Reading Radiation patterns can sometimes be a little tricky.  But, have no fear, AccelTex is here to help you decipher these magical lines!

Let’s start with this fun fact: antennas are based on mathematical theory.  There are 4 electrical characteristics of antennas that influence each other:

  1. Frequency
  2. Gain
  3. Polarization
  4. Beamwidth

When you change one of the electrical characteristics, it will affect the others.

Every antenna manufacturer should list these electrical specifications on their datasheets.  Here’s an example below:

This antenna operates in 2 frequencies, 2.4 and 5 GHz.  When an antenna operates in multiple frequencies, sometimes the other electrical characteristics will differ based on this frequency.  So, in this example, the gain of the antenna is 4 dBi for the 2.4 GHz frequency and 6 dBi in the 5 GHz frequency.  The horizontal beamwidth is the same in both frequencies, but the vertical beamwidth is 144 degrees for the 2.4 GHz frequency and 55 degrees for the 5 GHz frequency.

This antenna is vertically polarized.  Polarization describes the way in which the sine waves travel.  Vertically polarized antenna sine waves travel up and down and horizontally polarized sine waves travel left and right.  For a whole primer in dual polarized antennas and their benefits, read here.  For the purposes of this post, just know that that if an antenna is dual polarized, you will possibly have additional beamwidths indicated on the spec sheet for each of the planes and the patterns may show a little difference in their degree values for the horizontally polarized elements versus the vertically polarized elements.

Now we know the basic specs of the antenna, let’s move onto the radiation patterns portion of the program…

Radiation patterns are a graphical representation of how an antenna radiates and receives energy in space.


Space is 3 Dimensional and is hard to convey on a 2D spec sheet.  So to give you the best representation of the radiating and receiving properties of an antenna, we take the pattern at its maximum value and split it in half vertically and horizontally.  And that folks is how you get the radiation pattern you see on most spec sheets.


Before we move on, we have to get through the disclaimers.  Keep in mind:

  • The radio, once connected to the antenna, will impact how the antenna performs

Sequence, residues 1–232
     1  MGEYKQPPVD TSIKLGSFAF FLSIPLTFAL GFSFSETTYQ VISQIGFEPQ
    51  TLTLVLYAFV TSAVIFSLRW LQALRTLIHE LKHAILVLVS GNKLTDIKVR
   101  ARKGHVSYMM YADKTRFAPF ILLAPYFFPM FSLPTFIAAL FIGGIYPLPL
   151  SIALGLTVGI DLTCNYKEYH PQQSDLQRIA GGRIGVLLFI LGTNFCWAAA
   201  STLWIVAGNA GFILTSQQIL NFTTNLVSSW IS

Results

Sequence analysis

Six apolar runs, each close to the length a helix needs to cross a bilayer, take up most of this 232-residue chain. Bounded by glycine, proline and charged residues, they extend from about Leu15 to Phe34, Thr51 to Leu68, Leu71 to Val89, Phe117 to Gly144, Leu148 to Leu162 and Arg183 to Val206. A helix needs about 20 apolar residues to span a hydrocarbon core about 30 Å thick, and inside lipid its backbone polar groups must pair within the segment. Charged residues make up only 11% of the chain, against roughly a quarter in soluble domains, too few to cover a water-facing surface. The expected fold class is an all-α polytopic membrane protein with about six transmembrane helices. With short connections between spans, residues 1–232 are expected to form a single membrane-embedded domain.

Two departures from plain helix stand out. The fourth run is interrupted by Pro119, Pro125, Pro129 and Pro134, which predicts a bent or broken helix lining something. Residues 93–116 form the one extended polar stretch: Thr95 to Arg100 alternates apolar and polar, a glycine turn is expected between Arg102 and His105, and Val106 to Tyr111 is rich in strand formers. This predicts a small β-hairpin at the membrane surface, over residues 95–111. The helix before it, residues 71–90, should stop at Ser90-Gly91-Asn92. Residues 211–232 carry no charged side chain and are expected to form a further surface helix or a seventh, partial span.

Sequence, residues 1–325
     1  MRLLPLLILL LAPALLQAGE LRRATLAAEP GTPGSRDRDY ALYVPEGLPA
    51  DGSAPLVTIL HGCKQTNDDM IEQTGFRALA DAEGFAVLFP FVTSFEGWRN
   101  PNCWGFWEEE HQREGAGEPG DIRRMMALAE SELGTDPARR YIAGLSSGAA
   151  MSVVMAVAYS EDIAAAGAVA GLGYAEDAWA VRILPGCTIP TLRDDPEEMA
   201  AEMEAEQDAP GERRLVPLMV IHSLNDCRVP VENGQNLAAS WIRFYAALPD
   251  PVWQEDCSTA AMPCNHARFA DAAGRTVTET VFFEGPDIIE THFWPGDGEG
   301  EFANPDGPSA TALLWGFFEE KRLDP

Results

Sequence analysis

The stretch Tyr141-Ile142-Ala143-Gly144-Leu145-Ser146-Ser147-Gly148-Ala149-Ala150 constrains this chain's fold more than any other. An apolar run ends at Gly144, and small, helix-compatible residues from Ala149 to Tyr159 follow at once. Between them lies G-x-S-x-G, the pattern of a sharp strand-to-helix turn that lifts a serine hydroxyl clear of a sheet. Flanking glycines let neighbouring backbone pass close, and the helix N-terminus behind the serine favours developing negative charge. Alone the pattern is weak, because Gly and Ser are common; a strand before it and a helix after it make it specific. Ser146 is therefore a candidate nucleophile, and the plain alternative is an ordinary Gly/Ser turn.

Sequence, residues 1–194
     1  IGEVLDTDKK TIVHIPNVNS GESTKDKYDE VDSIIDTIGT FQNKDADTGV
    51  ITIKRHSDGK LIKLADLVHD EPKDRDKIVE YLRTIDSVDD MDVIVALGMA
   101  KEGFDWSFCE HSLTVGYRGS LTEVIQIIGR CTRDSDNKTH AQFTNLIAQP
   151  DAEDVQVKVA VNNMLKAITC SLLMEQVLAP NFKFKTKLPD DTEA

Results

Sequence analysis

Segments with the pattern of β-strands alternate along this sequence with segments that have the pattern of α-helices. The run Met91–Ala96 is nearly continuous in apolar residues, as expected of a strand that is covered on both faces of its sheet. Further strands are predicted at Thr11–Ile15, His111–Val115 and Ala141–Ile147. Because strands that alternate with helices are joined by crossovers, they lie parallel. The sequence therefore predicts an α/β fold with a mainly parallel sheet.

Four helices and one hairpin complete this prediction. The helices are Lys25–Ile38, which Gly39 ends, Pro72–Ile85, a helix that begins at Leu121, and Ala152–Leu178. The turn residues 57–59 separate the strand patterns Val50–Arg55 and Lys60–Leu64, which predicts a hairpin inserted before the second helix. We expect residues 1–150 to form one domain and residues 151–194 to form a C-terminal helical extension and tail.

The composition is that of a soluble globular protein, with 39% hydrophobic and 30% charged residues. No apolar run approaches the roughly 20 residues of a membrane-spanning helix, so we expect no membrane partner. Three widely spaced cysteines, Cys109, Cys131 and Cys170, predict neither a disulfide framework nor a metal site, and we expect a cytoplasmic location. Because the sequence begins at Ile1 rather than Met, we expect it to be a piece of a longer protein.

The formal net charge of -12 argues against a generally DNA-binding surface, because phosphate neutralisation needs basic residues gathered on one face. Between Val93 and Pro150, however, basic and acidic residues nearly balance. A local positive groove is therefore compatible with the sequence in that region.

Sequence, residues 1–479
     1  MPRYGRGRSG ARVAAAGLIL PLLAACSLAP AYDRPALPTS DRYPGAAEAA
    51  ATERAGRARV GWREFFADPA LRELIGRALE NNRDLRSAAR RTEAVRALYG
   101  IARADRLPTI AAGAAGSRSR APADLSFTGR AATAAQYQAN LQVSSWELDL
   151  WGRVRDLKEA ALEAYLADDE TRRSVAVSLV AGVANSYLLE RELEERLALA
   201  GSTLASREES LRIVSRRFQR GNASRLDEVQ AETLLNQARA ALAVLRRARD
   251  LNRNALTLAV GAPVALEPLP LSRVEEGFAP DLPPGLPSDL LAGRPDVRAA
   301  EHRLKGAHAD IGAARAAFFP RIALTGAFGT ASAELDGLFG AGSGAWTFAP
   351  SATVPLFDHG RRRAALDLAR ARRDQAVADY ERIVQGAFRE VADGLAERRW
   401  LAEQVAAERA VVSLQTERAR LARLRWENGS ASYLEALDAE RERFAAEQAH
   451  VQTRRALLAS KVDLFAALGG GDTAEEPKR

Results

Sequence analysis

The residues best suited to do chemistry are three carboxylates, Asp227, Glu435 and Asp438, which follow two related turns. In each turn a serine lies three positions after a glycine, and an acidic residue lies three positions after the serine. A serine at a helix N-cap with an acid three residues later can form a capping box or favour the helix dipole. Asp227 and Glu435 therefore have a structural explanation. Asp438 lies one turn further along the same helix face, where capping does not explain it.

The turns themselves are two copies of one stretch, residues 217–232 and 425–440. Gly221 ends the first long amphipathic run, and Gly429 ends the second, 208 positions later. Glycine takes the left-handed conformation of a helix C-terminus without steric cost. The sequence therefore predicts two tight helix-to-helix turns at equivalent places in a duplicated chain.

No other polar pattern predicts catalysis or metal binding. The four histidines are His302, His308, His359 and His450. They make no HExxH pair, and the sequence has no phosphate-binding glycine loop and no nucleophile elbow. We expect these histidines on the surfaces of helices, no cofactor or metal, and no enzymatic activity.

• AP Output Power will affect your coverage area
  • Match up the pattern for your frequency with the desired coverage area
  • Down tilt and installation angles will affect your coverage areas
  • Environmental factors (both physical and electromagnetic) will affect your pattern

Got it?  Good, let’s move on to the fun stuff!

There are two types of radiation patterns you may see.  The first is based on mathematical theory and the 4 main characteristics we talked about earlier (frequency, gain, polarization and beamwidth).  This theoretical representation will show the coverage pattern of the antenna when all the antenna elements are working in conjunction at the same time.  See below for an example:


The second type of radiation pattern is an actual antenna pattern that shows a tested data plot of each of the antenna elements within the radome.  See the below image, this radiation pattern has 4 colored lines representing each of the individual elements within the radome.  As you can see each one is a little bit different.  This antenna was tested one element at a time in an anechoic chamber and then the patterns for the 4 elements were placed on top of each other to create this pattern.


What’s an anechoic chamber?  Well, here is a picture of our chamber.


An anechoic test chamber is a non-echoing, non-reflecting room designed to completely adsorb all electromagnetic wave reflections.  When an antenna is tested in this chamber, all outside noise and electromagnetic waves are isolated so the test results are accurate and describe only the intended test subject.  Yay.

So let’s begin talking about planes.  And no, I don’t mean the planes that fly in the air.  We are going to talk horizontal and vertical planes.  We talked a little earlier about spherical antenna patterns being cut in half.  You have to slice you sphere in two directions, one slice is horizontal and the other is vertical.  Now you have the best 2D representation of a 3D object.  When you do this, there is a horizontal plane and a vertical plane.  See the below graphic.